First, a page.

Abraham L. Brick

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Abraham Lincoln Brick
In office
March 4, 1899 – April 7, 1908
Personal details
Born(1860-05-27)May 27, 1860
South Bend, Indiana, U.S.
DiedApril 7, 1908(1908-04-07) (aged 47)
Indianapolis, Indiana, U.S.
Resting placeRiverview Cemetery
South Bend, Indiana, U.S.
Political partyRepublican
EducationCornell University
Yale University
Alma materUniversity of Michigan at Ann Arbor

Abraham Lincoln Brick (May 27, 1860 – April 7, 1908) was an American attorney and politician. He served five terms in the United States House of Representatives from 1899 until his death in 1908.

Early life and education

Abraham Lincoln Brick was born on his father's farm, near South Bend, St. Joseph County, Indiana on May 27, 1860. Brick attended the common schools and was graduated from the South Bend High School. He later attended Cornell University and Yale University, and graduated from the law department of the University of Michigan at Ann Arbor in 1883.[1]

Career and life

Home of Brick in South Bend (c. 1901)

He was admitted to the bar the same year and commenced practice in South Bend, St. Joseph County, Indiana. He served as prosecuting attorney for the counties of St. Joseph and La Porte in 1886 and delegate to the Republican National Convention in 1896.[1]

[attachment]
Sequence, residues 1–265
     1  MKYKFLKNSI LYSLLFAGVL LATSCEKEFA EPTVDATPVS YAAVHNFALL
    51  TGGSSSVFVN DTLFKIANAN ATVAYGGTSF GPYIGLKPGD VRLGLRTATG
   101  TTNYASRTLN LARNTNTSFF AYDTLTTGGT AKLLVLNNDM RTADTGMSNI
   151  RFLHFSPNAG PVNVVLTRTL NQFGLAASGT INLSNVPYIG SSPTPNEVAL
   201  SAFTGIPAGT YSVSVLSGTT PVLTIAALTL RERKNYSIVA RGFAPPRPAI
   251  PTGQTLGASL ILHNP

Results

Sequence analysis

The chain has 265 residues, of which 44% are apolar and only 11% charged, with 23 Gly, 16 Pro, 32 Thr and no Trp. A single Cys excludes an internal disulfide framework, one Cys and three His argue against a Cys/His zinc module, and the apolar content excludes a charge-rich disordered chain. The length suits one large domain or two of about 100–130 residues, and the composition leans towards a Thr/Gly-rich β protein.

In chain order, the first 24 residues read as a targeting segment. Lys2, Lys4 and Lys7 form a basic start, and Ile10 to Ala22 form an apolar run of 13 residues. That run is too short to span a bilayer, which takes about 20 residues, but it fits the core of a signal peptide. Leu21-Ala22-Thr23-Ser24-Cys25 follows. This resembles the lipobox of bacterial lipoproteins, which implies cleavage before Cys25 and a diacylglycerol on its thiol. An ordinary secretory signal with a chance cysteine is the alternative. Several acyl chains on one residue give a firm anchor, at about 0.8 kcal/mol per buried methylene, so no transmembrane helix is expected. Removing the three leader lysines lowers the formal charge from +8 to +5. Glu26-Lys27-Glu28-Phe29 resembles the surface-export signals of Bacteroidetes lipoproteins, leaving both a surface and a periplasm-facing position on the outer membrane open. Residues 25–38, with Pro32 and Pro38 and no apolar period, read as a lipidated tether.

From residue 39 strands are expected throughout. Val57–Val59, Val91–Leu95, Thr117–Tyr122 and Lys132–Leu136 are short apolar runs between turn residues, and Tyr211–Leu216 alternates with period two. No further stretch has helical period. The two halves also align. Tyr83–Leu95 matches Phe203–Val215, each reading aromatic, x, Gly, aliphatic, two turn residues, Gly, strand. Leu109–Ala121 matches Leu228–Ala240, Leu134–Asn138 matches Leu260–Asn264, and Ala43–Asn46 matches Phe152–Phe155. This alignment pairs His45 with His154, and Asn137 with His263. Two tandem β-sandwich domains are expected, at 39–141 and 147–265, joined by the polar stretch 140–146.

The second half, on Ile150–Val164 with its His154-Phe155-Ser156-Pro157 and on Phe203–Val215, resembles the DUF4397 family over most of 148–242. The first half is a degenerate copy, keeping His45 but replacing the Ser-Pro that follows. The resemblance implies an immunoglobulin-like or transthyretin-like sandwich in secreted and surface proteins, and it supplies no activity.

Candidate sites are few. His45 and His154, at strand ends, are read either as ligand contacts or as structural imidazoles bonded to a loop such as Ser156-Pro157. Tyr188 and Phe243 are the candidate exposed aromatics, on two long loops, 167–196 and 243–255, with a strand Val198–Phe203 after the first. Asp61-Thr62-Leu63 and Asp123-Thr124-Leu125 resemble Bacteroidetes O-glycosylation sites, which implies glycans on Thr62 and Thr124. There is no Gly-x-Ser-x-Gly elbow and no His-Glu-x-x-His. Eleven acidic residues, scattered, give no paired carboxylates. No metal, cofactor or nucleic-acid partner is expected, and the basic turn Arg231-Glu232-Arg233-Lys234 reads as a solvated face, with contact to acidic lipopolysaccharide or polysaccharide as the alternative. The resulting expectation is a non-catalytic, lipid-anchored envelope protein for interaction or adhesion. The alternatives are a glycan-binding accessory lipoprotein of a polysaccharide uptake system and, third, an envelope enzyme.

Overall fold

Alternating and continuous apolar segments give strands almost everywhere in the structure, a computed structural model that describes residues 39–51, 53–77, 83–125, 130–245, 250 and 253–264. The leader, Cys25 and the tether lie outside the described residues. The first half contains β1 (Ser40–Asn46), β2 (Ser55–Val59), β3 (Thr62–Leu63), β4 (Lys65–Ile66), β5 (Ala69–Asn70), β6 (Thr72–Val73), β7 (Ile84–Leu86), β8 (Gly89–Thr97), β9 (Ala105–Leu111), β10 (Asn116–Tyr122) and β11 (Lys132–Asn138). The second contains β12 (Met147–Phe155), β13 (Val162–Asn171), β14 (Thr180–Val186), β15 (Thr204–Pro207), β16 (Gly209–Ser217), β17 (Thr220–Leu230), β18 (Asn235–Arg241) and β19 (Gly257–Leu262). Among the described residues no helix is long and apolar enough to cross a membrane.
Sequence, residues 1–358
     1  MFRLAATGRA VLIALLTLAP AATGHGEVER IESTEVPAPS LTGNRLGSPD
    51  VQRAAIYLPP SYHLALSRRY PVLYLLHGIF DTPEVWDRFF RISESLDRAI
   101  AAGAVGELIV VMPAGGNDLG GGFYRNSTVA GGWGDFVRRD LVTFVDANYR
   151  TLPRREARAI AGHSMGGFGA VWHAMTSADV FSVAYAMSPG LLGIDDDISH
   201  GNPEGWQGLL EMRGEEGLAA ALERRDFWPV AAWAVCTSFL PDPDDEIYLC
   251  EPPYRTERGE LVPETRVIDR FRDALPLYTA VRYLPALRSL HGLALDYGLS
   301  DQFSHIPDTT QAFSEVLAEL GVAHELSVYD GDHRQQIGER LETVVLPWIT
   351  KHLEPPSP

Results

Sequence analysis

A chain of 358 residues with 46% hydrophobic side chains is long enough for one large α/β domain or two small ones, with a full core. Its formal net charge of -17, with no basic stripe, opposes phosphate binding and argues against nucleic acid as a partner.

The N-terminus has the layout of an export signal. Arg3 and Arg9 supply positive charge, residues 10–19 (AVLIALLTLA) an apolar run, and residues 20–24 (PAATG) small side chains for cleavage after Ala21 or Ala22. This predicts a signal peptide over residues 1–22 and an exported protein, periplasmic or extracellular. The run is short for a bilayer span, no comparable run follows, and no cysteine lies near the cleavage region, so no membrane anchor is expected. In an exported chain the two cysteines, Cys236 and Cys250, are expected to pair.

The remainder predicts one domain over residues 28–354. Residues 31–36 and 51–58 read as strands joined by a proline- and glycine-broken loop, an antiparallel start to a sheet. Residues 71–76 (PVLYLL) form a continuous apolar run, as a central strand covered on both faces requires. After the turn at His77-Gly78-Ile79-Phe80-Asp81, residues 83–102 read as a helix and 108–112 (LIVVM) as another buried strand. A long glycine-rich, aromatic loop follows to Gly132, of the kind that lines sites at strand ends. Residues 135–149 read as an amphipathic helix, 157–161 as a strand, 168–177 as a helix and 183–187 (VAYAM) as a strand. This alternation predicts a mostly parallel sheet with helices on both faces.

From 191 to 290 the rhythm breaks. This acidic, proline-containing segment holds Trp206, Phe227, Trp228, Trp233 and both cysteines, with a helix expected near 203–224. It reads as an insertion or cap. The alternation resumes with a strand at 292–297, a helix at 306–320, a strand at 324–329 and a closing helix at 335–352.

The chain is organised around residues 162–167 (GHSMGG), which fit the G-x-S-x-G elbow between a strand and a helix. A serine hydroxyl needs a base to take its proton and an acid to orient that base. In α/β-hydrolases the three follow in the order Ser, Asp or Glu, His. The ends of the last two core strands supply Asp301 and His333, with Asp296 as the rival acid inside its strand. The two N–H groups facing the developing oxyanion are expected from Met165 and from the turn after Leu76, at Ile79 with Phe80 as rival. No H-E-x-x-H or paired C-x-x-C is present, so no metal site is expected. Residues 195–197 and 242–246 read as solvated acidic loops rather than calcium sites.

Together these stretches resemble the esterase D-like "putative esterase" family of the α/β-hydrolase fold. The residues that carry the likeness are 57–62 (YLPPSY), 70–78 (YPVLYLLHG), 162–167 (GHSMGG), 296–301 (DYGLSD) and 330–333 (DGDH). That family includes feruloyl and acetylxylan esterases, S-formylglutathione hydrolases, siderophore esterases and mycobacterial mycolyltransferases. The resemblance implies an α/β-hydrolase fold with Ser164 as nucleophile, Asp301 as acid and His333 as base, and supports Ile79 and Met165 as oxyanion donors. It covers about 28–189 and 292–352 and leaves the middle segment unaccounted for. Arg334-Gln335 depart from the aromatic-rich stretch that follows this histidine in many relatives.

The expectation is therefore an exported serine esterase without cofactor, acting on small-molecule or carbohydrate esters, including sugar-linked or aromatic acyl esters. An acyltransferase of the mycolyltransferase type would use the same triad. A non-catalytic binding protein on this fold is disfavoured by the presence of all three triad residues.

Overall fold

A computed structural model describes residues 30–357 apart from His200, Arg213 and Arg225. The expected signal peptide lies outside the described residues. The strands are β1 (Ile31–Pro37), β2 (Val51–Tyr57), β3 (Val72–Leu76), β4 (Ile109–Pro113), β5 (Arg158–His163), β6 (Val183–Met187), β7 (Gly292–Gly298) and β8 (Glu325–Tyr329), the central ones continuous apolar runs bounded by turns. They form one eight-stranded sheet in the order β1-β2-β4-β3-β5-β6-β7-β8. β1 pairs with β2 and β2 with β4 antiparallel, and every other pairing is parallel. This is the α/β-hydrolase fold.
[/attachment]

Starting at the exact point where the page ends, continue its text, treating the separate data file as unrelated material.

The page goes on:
Brick was elected as a Republican to the Fifty-Sixth and to the four succeeding Congresses and served from March 4, 1899, until his death.[1][2]

Death and legacy

Brick Mausoleum in Riverview Cemetery

Brick died in Indianapolis, Indiana, on April 7, 1908.[1] He was interred in Riverview Cemetery in South Bend.[1]

Brick's papers are held in the collection of the Indiana State Library.[3]

See also


  1. ^ a b c d e "Brick, Abraham Lincoln". Biographical Directory of the United States Congress. Retrieved 2022-11-16.
  2. ^ "S. Doc. 58-1 - Fifty-eighth Congress. (Extraordinary session -- beginning November 9, 1903.) Official Congressional Directory for the use of the United States Congress. Compiled under the direction of the Joint Committee on Printing by A.J. Halford. Special edition. Corrections made to November 5, 1903". GovInfo.gov. U.S. Government Printing Office. 9 November 1903. p. 30. Retrieved 2 July 2023.
  3. ^ "Collection: Abraham L. Brick papers | Indiana State Library Manuscripts Catalog". Indiana State Library. Retrieved 30 March 2020.

Public Domain This article incorporates public domain material from the Biographical Directory of the United States Congress

External links

U.S. House of Representatives
Preceded by Member of the U.S. House of Representatives
from Indiana's 13th congressional district

Succeeded by